He smiled as he went into the hallway, the soft light illuminating his stubble, which hid two small dimples beside his lips. He glanced down over her as she shivered, but she was unable to control it. "You don't look well," he said. "I can't send you back out there. Everyone's been told to get off the roads, so even if you are the Burglar Lady in Black, you won't get too far if you steal anything."

"Steal? I've never stolen anything in my life." Accused, yes, but guilty, no.

With a sigh, he crossed his arms, still watching her. "The cop said you probably aren't her. I need to be less judgmental."

She headed toward the door, her heels making that noise again. The sound sliced through the banging of the wind hitting the house. Coco didn't need to be here, because she refused to be considered a criminal ever again.

She thrust out her chin in determination, turning her entire body to see him one more time before she walked out door. "I'll be in my car waiting for someone to pass by who doesn't hate me. Maybe they'll call a tow truck if I'm lucky. Thank you for the use of your bathroom."

She turned back toward the door and reached out in one swift movement. As the cold metal doorknob chilled her hand, he grabbed her elbow, making her spin toward him, her neck hurting even more. She winced and took a deep breath, her hand flying to the side of her neck.

"Are you in pain?" He appeared to be concerned with lowered eyebrows and a frown.

"I'm fine. I'll just be leaving." She turned again, but his hand stayed on her arm, making her look up at his face.

"No," Jon said. "I can't leave you out there. I'd feel guilty all night long and worry about you. Please stay here. I trust you."

Her eyebrows careened toward her hairline. "You trust me? But you just thought—"

"I thought wrong. The real Burglar Lady in Black wouldn't give the cops her name or her alibi. I'm sure they're checking it out, too."

Coco crossed her arms. "It's true and I can show them my driver's license as soon as I get my purse. The cop can call anyone and they'll know I was there, because I had to mop the floors that night. Some lady fell, threatening to sue because of me. That was my second strike, even though I was doing my job. They're open twenty-four hours a day, so they can call tonight. I hope they do to prove my innocence for whatever they thought I did."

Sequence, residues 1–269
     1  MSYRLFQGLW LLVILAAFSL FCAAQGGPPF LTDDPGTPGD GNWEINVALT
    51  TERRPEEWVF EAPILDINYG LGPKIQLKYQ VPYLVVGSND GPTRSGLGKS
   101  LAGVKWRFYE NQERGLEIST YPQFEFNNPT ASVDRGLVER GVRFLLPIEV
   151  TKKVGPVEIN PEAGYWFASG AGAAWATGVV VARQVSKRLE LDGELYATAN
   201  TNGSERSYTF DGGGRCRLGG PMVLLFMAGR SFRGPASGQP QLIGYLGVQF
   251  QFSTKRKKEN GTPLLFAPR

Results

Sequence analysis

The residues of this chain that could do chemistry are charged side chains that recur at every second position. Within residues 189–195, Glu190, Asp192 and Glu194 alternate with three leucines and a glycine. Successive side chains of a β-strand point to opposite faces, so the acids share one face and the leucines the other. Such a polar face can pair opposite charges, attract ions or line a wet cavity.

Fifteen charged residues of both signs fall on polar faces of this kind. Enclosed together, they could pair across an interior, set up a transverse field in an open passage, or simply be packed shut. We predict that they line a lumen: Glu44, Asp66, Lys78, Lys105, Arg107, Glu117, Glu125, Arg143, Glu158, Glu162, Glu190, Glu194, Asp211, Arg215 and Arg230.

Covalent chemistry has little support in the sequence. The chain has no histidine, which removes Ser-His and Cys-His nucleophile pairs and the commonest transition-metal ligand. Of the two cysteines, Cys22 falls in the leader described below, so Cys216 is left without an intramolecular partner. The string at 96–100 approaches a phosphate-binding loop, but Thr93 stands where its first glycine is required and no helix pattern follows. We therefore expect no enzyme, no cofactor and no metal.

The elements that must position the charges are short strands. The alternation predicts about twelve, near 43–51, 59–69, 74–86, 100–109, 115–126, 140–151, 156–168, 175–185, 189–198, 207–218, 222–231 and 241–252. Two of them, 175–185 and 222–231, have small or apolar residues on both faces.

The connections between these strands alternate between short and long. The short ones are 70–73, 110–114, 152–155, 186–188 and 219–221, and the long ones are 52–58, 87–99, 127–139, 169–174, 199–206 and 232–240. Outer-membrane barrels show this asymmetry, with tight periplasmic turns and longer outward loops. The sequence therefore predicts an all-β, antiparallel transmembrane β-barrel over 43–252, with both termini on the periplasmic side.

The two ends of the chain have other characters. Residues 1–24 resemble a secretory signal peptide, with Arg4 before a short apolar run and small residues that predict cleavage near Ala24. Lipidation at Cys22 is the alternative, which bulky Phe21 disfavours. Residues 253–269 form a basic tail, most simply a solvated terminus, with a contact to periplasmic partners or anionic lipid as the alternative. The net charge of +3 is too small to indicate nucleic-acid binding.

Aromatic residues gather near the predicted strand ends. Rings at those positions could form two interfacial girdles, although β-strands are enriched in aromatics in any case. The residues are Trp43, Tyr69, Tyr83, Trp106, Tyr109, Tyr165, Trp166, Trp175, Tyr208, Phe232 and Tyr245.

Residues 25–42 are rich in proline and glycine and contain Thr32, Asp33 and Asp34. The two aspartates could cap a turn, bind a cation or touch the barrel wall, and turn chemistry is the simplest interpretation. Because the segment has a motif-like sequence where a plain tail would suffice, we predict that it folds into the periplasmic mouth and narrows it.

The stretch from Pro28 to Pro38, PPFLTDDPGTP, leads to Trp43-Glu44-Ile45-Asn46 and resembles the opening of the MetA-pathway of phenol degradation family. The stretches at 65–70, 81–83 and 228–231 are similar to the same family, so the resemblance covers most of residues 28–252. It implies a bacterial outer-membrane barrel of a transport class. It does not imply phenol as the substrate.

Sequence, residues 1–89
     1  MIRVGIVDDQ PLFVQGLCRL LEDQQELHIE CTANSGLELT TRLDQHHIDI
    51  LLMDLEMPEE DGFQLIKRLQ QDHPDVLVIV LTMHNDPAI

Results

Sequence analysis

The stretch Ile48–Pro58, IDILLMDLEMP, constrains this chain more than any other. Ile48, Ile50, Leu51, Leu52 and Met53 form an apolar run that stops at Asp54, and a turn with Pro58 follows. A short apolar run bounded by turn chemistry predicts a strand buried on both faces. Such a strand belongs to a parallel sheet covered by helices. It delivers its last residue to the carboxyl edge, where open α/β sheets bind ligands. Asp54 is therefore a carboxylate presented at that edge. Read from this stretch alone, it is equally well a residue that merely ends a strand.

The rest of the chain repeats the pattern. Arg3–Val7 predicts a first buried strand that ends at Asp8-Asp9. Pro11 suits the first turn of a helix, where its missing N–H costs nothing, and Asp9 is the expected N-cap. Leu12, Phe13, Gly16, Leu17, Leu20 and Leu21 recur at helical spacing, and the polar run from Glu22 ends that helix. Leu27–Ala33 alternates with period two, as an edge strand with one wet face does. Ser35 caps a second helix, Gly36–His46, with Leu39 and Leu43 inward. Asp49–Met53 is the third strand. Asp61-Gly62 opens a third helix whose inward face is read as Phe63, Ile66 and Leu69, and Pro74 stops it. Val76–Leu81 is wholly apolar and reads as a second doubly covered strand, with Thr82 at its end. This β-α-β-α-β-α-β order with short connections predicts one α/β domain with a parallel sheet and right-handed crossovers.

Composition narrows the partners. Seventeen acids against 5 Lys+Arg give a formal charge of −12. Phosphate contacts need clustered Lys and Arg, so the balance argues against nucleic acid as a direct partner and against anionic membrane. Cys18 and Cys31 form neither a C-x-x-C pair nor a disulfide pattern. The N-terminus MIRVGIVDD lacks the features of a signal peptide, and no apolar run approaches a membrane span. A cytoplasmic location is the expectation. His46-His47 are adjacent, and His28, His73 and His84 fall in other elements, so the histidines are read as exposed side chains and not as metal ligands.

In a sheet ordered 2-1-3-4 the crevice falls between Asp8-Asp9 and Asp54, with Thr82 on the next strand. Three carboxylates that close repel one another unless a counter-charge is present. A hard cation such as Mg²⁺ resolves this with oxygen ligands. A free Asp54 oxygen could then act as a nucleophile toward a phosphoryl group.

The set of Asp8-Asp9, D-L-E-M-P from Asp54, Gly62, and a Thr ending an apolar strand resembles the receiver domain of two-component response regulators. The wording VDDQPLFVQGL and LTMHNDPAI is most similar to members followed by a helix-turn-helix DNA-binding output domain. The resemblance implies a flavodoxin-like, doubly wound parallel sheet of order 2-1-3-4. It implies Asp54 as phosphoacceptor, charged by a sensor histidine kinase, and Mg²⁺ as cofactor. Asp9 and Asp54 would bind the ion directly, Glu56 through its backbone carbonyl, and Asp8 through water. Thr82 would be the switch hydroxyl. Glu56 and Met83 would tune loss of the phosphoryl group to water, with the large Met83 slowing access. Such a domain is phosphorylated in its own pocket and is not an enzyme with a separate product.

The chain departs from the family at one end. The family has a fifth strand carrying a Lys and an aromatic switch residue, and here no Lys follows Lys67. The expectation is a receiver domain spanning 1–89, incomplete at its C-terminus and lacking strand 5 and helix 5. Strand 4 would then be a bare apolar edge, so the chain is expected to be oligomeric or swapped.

Jon's mouth fell open. "A lawsuit? Seriously? You have an exciting life."

"Not exciting, sad." She felt like life kicked her when she was down, making sure she could never get back up again. "I may have to get a lawyer if Ralph doesn't help me. I even put out signs that said the floor was wet, but she didn't notice, or so she said to me. She was reading her phone—probably a text message—right before I tried to stop her from walking on the wet floor. That happened around seven at night." She shook her head. "I hate that job, but it's all I have now, considering my car doesn't run."

"Well, it looks like you have to stay here tonight." He took her arm. "I can't let you die from the cold." He led her toward the stairs, left of where they were standing. As he turned on a light upstairs and flipped off the hall light, a dim nightlight softened the darkness. They climbed the stairs in silence, worrying her.

The feel of the soft thick cushioned tan carpet under her heels made her realize this guy had money…lots of money. But it only made her trust him less. People with money—like her ex-boyfriend—usually wanted more than she could give, judging her in the meantime.

She'd humor this guy, stay for a few hours, and go back to her car. She really didn't like staying at a stranger's home, but she didn't think he'd hurt her. Her choice was simple…she could either stay here or freeze outside in the cold. She didn't think she'd die in the house, but staying in her car was another story.